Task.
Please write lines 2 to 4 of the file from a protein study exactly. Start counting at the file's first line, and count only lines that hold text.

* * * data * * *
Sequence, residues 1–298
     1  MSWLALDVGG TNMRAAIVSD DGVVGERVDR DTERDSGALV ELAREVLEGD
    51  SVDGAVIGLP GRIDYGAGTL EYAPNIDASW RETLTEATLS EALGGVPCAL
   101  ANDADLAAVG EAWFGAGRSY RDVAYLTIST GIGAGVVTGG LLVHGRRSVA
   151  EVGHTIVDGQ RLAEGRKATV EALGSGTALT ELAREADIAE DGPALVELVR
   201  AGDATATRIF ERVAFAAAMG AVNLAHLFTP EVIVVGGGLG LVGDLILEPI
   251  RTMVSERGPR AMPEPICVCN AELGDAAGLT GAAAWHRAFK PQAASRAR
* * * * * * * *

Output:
     1  MSWLALDVGG TNMRAAIVSD DGVVGERVDR DTERDSGALV ELAREVLEGD
    51  SVDGAVIGLP GRIDYGAGTL EYAPNIDASW RETLTEATLS EALGGVPCAL
   101  ANDADLAAVG EAWFGAGRSY RDVAYLTIST GIGAGVVTGG LLVHGRRSVA